Auditions for An Everyday Apocalypse took place over the last couple of weeks. We held two sessions, the first a relaxed Valentine’s afternoon upstairs in one of the pubs that will host the Page to Stage Festival itself; the second a moodier evening session in the back room of a bar.
One pleasant surprise for me was finding out how many venues like these are prepared to offer their space to theatre groups for free (at least in Liverpool), for the purposes of rehearsals or auditions. I suppose this attitude makes sense, in that the space would otherwise be unused and the venues get to sell a few more drinks or even to facilitate a more profitable run of performances down the line, but I still find it a pretty generous policy. It clearly pays to get on (and stay on) the good side of all your local landlords.
Since Zara Brown is our director, and therefore the expert in these things, I left her to plan the structure of the auditions. As an outsider to such events myself (mostly), what she came up with was quite fascinating and indeed really rather good fun. The atmosphere was certainly a good deal lighter than the auditions that I had previously observed (and later replicated) in student contexts (which had basically consisted of getting actors to perform rapidly prepared monologues), with the result, I think, that everyone was more relaxed and generally in a better mood than I had been used to.
The sessions comprised some short icebreaker exercises followed by an improvisation game, in which the actors created rapid-fire scenes in pairs. We then gave them fifteen minutes in small groups to devise a longer scene based on some randomised prompts (a location, a prop and a last line), before moving on to performances of extracts from the actual script.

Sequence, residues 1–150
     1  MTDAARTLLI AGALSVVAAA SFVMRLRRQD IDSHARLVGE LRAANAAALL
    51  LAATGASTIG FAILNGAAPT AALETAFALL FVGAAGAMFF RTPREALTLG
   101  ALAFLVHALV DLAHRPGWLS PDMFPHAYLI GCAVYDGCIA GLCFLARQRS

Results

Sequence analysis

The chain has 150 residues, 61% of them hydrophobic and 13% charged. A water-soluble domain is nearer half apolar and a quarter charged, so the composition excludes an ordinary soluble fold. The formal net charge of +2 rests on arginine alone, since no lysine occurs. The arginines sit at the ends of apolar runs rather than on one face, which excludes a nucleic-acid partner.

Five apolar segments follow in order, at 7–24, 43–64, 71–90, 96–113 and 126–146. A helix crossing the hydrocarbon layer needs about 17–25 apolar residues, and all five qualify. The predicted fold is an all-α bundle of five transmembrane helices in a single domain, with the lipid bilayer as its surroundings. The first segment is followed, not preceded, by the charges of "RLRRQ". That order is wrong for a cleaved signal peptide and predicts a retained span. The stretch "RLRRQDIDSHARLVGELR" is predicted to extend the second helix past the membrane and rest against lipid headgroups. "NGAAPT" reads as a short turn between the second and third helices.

The highlight for me was probably the improvisation game, which elicited some hilarious flights of fantasy and which looked like so much fun that I really wanted to have a go myself!* The devised scene task was also very interesting, not just in terms of the outcome, but also in seeing how the various groups approached the planning phase in very different ways, some spending almost all of their preparation time talking through their idea, while others preferred to repeatedly improvise and revise their scene, refining what was working and discarding what wasn’t as they went along.
Of course, the most important thing was that the combination of activities allowed us to get a good idea for the individual styles of the actors, giving us a chance to see them working in a number of tones and contexts, and I think this allowed us to make a fair decision on how to cast the play. Overall, we had more male auditionees than female (which was a surprise, given that the ratio at the casting day had been the other way round), but since we had two male roles to cast and only one female role, this worked out quite well, and the ratio of applicants to parts was about six to one for each gender.
Naturally, it would not be appropriate to go into detail on how we made our final choice. Suffice to say that we saw some very good actors who, for one reason or another, we thought did not quite fit our script, and we saw a number of others who put themselves very firmly in contention for a role. Ultimately though, despite the high standard and the fine margins on which we had to judge, Zara and I were unanimous in our decision and we are now really looking forward to working with the cast that we have assembled.**
So, to cut a long story short***, we are now in a position to announce our cast…
[UPDATE 14/03/2016: Unfortunately, we have had to make some casting changes
since the publication of this post. The link below reflects these changes.]
* Actually, I did have a go in the second audition, for purely demonstrative purposes… but, predictably, I wasn’t very good at it.
** They all said yes, thankfully!
*** Or, indeed, not to, since I am conscious that I have already been going for over six-hundred words by this point.